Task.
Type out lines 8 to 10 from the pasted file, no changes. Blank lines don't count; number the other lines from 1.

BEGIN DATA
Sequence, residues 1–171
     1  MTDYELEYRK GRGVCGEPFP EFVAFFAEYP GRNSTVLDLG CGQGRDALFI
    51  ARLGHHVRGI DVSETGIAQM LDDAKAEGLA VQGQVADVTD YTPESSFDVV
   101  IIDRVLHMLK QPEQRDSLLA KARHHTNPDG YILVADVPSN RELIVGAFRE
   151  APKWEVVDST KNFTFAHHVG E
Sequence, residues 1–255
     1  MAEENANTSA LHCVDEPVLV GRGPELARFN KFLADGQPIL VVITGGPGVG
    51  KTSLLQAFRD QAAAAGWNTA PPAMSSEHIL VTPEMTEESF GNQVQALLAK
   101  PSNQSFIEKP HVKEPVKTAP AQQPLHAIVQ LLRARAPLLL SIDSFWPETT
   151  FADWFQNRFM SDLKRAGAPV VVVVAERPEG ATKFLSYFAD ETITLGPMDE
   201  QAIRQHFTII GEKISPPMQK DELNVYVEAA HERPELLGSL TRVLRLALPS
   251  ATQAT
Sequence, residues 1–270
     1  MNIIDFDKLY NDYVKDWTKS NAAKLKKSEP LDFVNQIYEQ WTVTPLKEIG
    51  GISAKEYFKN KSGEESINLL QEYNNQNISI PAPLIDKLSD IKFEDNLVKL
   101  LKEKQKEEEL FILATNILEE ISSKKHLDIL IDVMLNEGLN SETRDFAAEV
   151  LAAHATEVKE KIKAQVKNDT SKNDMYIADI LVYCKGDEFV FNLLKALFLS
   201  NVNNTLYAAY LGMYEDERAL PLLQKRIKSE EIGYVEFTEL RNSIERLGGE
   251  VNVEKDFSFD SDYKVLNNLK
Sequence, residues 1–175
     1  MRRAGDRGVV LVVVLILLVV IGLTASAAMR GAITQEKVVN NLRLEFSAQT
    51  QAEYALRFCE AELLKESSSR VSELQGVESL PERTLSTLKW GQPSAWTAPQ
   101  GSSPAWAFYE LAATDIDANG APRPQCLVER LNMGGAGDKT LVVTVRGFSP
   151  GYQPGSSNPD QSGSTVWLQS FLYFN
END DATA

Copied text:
    51  KTSLLQAFRD QAAAAGWNTA PPAMSSEHIL VTPEMTEESF GNQVQALLAK
   101  PSNQSFIEKP HVKEPVKTAP AQQPLHAIVQ LLRARAPLLL SIDSFWPETT
   151  FADWFQNRFM SDLKRAGAPV VVVVAERPEG ATKFLSYFAD ETITLGPMDE